Why Do You Need A UPS?
Uninterruptible Power Supplies (UPS) provide short-term emergency backup power in the event of any disturbances or disruptions to the mains electricity supply.
A UPS system protects computers, IT equipment, telecommunications networks, and other vital electrical equipment, infrastructure, and machinery against unexpected problems with the input power source.
Clean, continuous power is an essential requirement of 21st-century day-to-day life, with sectors as diverse as banking, utilities, manufacturing, transportation, retail, healthcare, and entertainment all dependent on complex computer and communications technologies.
Any unexpected power disruption to these sophisticated mission-critical networks can lead to damaging downtime and data loss, costing businesses thousands of pounds a minute in sales and hours of lost productivity. Even worse, it could even lead to death and serious injury.
Uninterruptible power supply systems reduce these risks and form a fundamental part of any organisation’s continuity planning.
How Does A UPS System Work?
A UPS differs to other standby power systems such as a generator by using energy stored in batteries, supercapacitors, or flywheels to maintain power to the load when there’s a disruption to the mains supply.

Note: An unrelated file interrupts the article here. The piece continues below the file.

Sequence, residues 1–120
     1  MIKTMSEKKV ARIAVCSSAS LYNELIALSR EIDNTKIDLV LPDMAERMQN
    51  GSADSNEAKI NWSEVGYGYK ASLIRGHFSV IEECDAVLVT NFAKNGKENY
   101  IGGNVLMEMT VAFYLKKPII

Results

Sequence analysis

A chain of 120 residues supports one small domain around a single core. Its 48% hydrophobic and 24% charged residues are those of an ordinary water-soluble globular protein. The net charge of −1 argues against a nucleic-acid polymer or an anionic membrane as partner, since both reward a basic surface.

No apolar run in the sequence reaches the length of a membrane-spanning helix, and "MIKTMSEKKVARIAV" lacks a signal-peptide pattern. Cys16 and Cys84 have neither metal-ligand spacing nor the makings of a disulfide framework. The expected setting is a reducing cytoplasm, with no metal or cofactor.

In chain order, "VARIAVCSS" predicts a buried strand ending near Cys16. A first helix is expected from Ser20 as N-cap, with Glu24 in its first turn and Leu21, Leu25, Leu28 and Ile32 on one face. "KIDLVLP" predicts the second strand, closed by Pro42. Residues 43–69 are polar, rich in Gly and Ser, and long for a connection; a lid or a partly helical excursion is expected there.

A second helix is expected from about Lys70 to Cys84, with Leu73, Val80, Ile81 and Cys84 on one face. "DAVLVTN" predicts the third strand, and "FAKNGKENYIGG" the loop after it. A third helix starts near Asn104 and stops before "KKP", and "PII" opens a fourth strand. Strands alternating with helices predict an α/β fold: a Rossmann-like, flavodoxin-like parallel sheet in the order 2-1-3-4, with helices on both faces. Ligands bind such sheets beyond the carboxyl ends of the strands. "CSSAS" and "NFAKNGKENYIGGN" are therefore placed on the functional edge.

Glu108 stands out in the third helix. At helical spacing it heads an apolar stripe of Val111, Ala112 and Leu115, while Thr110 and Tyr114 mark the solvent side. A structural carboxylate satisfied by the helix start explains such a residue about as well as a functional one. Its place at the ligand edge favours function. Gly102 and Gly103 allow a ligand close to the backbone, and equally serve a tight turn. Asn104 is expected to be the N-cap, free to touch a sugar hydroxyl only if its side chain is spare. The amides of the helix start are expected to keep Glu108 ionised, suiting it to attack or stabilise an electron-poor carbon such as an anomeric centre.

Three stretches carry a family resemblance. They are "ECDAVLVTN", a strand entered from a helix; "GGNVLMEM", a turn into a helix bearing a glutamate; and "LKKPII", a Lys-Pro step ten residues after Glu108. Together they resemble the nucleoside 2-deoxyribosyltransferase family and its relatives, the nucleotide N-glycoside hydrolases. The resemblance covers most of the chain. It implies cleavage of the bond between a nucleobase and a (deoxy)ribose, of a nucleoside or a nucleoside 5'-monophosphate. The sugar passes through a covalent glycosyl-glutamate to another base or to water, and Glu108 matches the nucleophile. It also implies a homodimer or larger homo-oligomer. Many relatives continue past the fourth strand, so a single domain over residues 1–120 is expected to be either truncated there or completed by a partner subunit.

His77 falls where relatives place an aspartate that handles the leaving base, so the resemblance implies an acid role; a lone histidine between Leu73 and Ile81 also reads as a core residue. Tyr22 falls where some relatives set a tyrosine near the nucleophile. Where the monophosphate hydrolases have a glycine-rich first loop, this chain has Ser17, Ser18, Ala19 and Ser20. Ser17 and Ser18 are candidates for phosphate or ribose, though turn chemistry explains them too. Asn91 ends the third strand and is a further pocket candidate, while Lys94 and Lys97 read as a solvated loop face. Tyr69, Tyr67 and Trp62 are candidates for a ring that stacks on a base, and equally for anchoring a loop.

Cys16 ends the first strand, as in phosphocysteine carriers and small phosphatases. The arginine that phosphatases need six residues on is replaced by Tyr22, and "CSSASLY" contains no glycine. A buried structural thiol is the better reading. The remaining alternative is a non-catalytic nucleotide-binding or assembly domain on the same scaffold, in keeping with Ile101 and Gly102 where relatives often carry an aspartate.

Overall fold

The battery runtime (or autonomy) of most UPS systems is relatively short, often only a few minutes. This battery backup provides enough time for either the connected equipment to safely shut down with minimal risk of damage or data loss, or for an alternative power source such as a backup generator to kick-in.
An uninterruptible power supply’s primary role is to provide short-term emergency power when there’s a complete mains failure or blackout.
In addition, most modern online UPS can correct a wide range of common power problems, including:
- Sags: short periods when the voltage is below the usual mains supply level
- Brownouts: an undervoltage similar to a sag, but over a longer period of time (several hours or even days)
- Power surges: a sudden increase in voltage caused by an event such as a lightning strike.
- Harmonics: a distortion from the ideal sinusoidal waveform
- Unstable frequency: where the power oscillates at something other than 50 Hertz (sometimes referred to as electrical noise)
- Spikes: very short millisecond bursts of energy on the power line
Watch our handy ‘UPS Basics’ video to learn more about how a UPS works and the three main types of uninterruptible power supplies: Offline (Voltage and Frequency Dependent – VFD), Line-Interactive, and Double-Conversion Online (Voltage and Frequency Independent – VFI)